), knitting the newly formed tissue with the existing fabric of adipocytes, collagen, and elastic fibers (Ann Pabst, personal communication); in this context, wound healing is more reminiscent of the regenerative repair process of the early gestation mammalian fetus than the uncoordinated scar-producing repair that characterizes soft-tissue healing in terrestrial mammals. The apparent indifference of the bottlenose dolphin to pain after extensive soft-tissue injury clearly represents an adaptation favorable for survival in the setting of the sea. The dolphin responds to painful stimuli (such as a needle prick) with protest/withdrawal movements, so we imagine that the dolphin has the capacity to feel pain in certain contexts (Sam Ridgway, personal communication). The neurological/physiological mechanisms engaged to reduce pain consciousness in the setting of traumatic soft-tissue injury are unknown.
      The absence of infection in the open wounds sustained by the dolphin continuously exposed to seawater is remarkable. The immune system of the dolphin appears to be similar to that of terrestrial mammals (
      • Mancia A.
      • Lundqvist M.L.
      • Romano T.A.
      • et al.
      A dolphin peripheral blood leukocyte cDNA microarray for studies of immune function and stress reactions.
      ), and thus an explanation is sought elsewhere. We turn to the blubber of this animal. The composition of this tissue has been studied extensively for many years because it accumulates many toxic pollutants of human origin, such as organohalogens and heavy metals, from its food sources, and permits us to monitor environmental pollution. In addition to “pollutants”, blubber contains organohalogens that are of natural origin (
      • Vetter W.
      • Scholz E.
      • Gaus C.
      • et al.
      Anthropogenic and natural organohalogen compounds in blubber of dolphins and dugongs (Dugong dugon) from northeastern Australia.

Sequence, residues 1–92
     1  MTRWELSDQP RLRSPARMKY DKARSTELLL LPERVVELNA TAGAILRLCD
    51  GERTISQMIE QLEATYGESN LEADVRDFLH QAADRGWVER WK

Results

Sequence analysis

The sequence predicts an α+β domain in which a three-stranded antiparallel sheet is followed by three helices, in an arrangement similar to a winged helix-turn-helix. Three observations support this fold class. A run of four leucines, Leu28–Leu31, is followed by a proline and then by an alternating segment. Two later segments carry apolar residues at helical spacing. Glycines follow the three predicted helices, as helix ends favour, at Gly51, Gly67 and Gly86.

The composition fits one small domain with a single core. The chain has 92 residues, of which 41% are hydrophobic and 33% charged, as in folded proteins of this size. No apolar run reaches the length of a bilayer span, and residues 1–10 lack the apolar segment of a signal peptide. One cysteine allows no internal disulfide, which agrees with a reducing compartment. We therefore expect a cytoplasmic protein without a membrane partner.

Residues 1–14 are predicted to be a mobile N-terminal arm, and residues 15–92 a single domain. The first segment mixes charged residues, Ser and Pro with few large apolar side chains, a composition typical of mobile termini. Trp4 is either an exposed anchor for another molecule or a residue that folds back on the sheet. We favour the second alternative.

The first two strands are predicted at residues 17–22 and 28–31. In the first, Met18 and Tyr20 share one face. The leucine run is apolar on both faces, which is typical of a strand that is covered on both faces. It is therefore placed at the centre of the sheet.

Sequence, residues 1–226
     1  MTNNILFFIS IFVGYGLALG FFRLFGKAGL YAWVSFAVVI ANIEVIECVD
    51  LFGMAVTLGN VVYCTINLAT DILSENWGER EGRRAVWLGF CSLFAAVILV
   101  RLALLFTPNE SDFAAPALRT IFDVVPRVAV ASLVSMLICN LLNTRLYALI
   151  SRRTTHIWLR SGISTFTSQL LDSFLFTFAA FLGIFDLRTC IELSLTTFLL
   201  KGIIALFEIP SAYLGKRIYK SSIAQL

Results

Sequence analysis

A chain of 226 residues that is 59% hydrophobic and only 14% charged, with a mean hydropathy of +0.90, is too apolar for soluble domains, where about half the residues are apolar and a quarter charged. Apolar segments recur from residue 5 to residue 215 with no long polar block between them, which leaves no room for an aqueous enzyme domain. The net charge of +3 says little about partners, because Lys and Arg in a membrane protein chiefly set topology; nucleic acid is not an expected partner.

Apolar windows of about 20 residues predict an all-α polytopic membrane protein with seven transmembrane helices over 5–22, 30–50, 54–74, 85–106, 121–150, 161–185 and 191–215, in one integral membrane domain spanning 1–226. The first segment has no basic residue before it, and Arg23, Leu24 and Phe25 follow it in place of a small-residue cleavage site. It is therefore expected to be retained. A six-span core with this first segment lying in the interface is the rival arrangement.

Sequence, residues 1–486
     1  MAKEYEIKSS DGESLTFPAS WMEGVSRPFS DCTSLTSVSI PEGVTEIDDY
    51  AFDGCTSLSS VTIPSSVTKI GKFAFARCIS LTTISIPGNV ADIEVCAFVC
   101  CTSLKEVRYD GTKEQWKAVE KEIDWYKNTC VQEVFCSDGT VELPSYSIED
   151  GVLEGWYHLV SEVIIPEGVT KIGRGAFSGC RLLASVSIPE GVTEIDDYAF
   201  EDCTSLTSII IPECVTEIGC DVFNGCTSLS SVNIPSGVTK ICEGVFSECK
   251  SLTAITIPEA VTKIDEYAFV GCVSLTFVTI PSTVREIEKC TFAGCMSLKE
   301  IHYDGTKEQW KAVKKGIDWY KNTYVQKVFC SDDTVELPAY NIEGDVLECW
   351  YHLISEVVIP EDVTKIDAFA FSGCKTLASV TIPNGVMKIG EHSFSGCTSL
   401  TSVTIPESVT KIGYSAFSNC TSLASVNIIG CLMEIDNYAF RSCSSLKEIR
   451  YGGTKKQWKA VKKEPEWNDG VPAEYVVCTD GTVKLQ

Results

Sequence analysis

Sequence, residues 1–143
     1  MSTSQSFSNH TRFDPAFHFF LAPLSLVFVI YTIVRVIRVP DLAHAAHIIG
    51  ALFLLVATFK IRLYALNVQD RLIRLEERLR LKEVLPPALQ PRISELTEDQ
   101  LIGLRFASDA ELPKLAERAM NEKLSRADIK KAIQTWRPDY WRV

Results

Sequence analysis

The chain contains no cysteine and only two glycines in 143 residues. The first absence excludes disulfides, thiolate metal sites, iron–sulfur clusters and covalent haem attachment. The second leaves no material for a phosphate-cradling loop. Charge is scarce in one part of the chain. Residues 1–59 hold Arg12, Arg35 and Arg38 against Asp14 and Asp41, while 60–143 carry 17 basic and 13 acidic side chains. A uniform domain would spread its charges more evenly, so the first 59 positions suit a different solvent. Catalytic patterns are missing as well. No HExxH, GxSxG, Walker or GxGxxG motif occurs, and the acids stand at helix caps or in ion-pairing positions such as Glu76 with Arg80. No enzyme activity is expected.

,
      • Vetter W.
      • Jun W.
      • Althoff G.
      Non-polar halogenated natural products bioaccumulated in marine samples. I. 2,3,3′,4,4′,5,5′-Heptachloro-1′-methyl-1,2′-bipyrrole (Q1).
      ,
      • Vetter W.
      • Jun W.
      Non-polar halogenated natural products bioaccumulated in marine samples. II. Brominated and mixed halogenated compounds.
      ). Although the origin of these non-human-derived compounds has not been identified, several resemble known substances that are produced by marine organisms, such as algae and plankton (). Organohalogens are known to exhibit antimicrobial properties, such as the inhibition of biofilm formation () and antibiotic activity (). One might imagine that under certain circumstances, for example, as the blubber tissue undergoes “decomposition” following trauma, some of these compounds could be released locally and could provide antimicrobial protection to the tissues within the immediate wound environment. Perhaps the very fact that this animal accumulates organohalogens to the extent it does in its blubber (rather than metabolize and excrete them) speaks to a natural mechanism designed to permit the animal to concentrate and store protective compounds from its food sources for its own use.
      The triglycerides that comprise dolphin blubber appear to differ from other marine mammals, including that of whales and seals by their uniquely high proportions of the short-chain fatty acid isovaleric acid (
      • Koopman H.N.
      • Iverson S.J.
      • Read A.J.
      High concentrations of isovaleric acid in the fats of odontocetes: variation and patterns of accumulation in blubber vs. stability in the melon.
      ). In a survey of blubber lipid composition conducted on a range of dolphin species and other marine mammals, the highest concentrations of isovaleric acid were found in Hector's dolphins where isovaleric acid represented about 50% (in terms of mole fraction) of the fatty acids of blubber, the bottlenose dolphin between 2–5%, and none detected in several species of whale (
      • Koopman H.N.
      • Iverson S.J.
      • Read A.J.
      High concentrations of isovaleric acid in the fats of odontocetes: variation and patterns of accumulation in blubber vs. stability in the melon.
      ). The isovaleric acid composition of the blubber varies with depth, higher in the blubber closer the skin than in deeper tissues. Isovaleric acid is believed to be synthesized de novo within blubber from branched-chain amino acids (
      • Budge S.M.
      • Iverson S.J.
      • Koopman H.N.
      Studying trophic ecology in marine ecosystems using fatty acids: a primer on analysis and interpretation.